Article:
For most of the election season, voters in Senate battleground states were subjected to tens of millions of dollars in CEO-funded TV ads attacking attacking Democrats for supporting the Employee Free Choice Act. Not only did the ads fail to move voters, a majority of those who voted in key states said they support giving workers the free choice to form unions.
Here are the main findings of the poll:
- Nearly two-thirds (60%) of voters believe in even in these tough economic times, it is important to pass the Employee Free Choice Act, and nearly one-third (31%) of voters strongly believe it should be a priority for Congress.
- When told about proposed legislation in Congress that would “make it easier for workers to form unions by allowing employees to be represented by a union when a majority of their coworkers sign cards saying they want to join that union,” voters favor the Employee Free Choice Act by nearly three to one (55% favor; 28% oppose).
- Voters “are more than twice as likely to say big corporations having too much power (50%) creates a bigger problem for people like them than big labor unions having too much power (23%).”
- Overall, 55% of voters in these states say they approve of labor unions, compared with just 27% who say they disapprove.
These numbers are excellent news, and an affirmation for all the brave candidates who stood up for working families on the campaign trail this fall. Strong majorities of voters know that workers need to have free choice restored so our economy can get back on track. (This most recent polling comes after one survey found 68% of the middle class supports Employee Free Choice.)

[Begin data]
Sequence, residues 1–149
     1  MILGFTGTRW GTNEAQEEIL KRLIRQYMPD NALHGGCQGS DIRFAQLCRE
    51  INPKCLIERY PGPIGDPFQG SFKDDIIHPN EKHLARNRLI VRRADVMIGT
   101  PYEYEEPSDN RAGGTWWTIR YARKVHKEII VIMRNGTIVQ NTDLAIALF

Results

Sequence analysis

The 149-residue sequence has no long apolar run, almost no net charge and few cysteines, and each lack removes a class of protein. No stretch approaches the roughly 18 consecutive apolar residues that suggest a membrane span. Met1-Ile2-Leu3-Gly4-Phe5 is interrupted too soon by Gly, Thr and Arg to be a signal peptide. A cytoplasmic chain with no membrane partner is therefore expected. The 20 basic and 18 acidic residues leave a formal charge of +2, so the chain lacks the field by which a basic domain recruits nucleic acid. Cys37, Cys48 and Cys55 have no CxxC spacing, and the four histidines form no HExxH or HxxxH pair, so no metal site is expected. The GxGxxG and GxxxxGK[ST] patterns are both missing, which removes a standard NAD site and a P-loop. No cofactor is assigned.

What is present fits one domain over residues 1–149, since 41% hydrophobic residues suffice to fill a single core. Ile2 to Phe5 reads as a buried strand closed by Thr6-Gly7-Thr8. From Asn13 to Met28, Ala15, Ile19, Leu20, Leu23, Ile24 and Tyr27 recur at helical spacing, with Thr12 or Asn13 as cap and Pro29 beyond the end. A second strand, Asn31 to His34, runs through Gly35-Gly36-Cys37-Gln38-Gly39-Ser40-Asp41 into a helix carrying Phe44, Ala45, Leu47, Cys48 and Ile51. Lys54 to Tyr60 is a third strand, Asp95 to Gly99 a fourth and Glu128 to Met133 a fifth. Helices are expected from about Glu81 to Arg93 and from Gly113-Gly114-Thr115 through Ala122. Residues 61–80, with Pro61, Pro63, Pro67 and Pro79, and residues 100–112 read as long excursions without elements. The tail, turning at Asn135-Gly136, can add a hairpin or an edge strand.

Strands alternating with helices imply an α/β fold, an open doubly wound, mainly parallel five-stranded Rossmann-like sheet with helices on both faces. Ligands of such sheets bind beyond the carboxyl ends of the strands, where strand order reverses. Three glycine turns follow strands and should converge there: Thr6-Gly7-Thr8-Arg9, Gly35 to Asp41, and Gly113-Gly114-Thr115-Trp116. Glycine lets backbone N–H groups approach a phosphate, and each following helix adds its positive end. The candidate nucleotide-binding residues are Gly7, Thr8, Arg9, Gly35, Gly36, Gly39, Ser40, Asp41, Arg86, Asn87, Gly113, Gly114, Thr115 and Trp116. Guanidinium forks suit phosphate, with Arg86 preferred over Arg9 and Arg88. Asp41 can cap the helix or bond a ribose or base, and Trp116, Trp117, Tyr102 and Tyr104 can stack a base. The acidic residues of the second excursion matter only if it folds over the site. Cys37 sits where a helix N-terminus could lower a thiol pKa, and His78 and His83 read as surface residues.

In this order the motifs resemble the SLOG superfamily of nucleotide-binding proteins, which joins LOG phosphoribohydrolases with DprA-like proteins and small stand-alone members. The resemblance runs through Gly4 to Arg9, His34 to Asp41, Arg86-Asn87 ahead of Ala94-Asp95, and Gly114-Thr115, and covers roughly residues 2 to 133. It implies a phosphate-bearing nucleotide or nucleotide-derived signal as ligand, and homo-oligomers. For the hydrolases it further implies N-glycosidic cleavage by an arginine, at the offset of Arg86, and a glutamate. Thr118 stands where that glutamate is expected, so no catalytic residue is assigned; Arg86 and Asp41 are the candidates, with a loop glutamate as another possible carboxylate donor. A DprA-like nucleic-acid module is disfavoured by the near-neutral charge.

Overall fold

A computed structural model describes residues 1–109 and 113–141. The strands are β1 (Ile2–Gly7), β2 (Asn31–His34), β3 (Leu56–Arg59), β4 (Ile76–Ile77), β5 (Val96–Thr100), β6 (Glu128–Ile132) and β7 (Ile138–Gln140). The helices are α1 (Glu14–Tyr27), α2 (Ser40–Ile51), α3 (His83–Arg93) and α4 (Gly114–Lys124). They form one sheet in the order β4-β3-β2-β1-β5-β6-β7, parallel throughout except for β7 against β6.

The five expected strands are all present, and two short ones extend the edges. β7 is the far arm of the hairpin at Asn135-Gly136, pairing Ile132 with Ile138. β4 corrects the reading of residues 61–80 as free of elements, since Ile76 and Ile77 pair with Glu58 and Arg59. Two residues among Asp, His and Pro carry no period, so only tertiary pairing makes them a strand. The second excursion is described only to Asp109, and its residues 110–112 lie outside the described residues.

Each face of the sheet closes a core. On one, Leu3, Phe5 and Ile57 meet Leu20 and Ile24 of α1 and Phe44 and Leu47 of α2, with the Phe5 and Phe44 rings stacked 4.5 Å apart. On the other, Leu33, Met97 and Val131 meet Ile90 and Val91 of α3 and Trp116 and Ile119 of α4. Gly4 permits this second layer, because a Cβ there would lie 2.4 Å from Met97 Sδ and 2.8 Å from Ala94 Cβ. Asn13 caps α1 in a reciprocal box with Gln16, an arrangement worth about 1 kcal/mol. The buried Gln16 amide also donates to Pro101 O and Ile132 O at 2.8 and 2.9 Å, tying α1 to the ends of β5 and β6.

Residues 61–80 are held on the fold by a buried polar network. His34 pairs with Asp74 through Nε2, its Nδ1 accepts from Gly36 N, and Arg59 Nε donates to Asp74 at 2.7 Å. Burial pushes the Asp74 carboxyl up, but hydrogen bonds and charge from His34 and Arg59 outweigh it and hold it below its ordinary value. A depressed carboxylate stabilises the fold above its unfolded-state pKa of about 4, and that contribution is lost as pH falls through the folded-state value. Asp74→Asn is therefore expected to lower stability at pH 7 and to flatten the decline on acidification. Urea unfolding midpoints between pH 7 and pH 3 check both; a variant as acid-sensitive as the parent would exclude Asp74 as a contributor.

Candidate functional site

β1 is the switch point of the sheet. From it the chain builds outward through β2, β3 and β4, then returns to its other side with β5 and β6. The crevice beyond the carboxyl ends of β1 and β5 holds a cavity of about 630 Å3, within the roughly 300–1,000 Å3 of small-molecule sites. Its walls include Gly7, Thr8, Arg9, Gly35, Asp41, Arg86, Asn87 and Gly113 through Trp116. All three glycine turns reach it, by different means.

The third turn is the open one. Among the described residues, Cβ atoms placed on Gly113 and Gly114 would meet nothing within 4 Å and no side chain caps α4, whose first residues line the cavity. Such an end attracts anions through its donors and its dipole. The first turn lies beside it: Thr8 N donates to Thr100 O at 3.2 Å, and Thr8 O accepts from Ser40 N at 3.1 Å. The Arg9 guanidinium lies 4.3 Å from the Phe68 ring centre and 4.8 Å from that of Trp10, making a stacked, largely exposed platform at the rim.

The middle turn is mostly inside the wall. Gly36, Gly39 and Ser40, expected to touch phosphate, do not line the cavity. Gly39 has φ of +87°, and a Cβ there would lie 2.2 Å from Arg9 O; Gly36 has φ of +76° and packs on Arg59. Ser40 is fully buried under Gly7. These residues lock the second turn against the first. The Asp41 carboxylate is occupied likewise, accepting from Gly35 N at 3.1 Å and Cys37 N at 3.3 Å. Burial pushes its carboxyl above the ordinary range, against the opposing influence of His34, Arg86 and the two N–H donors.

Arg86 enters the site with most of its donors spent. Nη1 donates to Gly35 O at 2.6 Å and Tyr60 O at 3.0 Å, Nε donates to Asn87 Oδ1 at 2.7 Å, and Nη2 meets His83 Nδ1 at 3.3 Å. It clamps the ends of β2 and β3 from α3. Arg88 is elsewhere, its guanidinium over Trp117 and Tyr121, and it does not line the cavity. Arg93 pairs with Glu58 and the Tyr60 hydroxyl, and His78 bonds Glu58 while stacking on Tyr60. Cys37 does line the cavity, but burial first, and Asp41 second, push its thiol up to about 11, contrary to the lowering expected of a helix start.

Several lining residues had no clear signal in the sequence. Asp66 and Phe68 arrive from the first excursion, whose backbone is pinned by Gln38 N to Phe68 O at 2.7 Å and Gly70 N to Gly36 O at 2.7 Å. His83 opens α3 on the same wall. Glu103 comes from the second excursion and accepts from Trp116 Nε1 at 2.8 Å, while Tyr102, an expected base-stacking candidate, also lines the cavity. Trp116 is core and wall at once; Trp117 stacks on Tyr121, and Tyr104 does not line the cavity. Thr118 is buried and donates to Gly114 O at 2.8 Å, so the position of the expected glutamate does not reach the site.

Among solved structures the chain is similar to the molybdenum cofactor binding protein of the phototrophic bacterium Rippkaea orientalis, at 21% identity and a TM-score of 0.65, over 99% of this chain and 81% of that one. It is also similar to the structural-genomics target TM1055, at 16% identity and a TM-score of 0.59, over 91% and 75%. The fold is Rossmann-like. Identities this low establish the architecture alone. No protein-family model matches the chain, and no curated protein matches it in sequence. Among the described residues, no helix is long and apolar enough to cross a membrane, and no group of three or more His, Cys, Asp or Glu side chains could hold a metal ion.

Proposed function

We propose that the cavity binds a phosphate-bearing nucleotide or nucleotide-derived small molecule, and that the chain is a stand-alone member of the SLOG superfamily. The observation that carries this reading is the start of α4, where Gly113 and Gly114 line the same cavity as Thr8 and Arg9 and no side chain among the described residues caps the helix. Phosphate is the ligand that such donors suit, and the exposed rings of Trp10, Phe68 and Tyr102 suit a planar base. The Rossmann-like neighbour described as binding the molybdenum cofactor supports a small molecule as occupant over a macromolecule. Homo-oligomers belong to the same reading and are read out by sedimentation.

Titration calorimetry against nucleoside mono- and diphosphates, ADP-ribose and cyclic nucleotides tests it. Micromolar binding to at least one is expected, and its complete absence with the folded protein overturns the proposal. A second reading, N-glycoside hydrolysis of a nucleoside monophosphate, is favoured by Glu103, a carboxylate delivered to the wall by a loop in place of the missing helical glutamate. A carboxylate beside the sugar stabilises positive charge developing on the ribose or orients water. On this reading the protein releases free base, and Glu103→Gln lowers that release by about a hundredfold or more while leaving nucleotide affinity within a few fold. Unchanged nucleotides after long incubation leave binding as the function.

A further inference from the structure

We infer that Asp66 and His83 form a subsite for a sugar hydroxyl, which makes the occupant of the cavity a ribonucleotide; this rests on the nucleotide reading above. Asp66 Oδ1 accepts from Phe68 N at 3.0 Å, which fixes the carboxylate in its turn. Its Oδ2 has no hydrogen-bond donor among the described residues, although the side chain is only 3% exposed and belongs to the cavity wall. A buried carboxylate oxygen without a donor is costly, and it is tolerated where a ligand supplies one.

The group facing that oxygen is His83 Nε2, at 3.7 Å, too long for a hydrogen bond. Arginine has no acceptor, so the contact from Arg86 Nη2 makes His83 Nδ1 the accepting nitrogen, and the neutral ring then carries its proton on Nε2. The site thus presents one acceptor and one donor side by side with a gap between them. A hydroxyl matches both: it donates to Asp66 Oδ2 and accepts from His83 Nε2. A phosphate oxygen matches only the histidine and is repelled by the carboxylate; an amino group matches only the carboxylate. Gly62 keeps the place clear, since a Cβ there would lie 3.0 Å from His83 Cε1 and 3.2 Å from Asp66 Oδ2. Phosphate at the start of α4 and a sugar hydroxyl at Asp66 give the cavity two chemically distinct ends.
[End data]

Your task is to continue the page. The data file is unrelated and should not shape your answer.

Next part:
Even more intriguing is the extent to which CEO-funded front groups failed to impact the election. The groups’ ads featured false stereotypes of union members, outright lies about the Employee Free Choice Act, and contributed to the overall nasty tone of Campaign 08. And voters saw fit to ignore them:
A poll of 942 voters in Senate battleground states taken Nov. 2-4 and released Thursday by American Rights at Work, an advocacy group, showed just three Republican voters said they were voting against the Democratic candidate because of the union issue.
Indeed, a number of new Senators-elect were viciously attacked. Here’s how 3 fared:
In Colorado, Senator-elect Mark Udall withstood millions of dollars of negative advertising, including three months of ads against his support of the bill. His final margin was three points higher than where he had been in the polls when the ads began.
The day after Oregon Senator-elect Jeff Merkley won his primary, ads started airing to attack his support for the bill, and anti-worker forces spent almost $1 million to defeat him. As the ads continued, Merkley rose steadily in the polls.
In New Hampshire, Senator-elect Jeanne Shaheen was one of the first candidates to face anti Employee Free Choice Act advertising. Despite spending $1.5 million in the tiny state of New Hampshire, the bill’s opponents failed to have an impact in this race.
The public knows what needs to happen to get our economy back on track. So far, more than $20 million spent against supporters of Employee Free Choice failed to do anything significant for CEOs’ front groups.
When the new Congress and President-elect Obama take office in January, Employee Free Choice will be part of their agenda. Clearly, we can win; we just need to get their backs when the CEO-funded front groups strike again. Join our campaign for Employee Free Choice.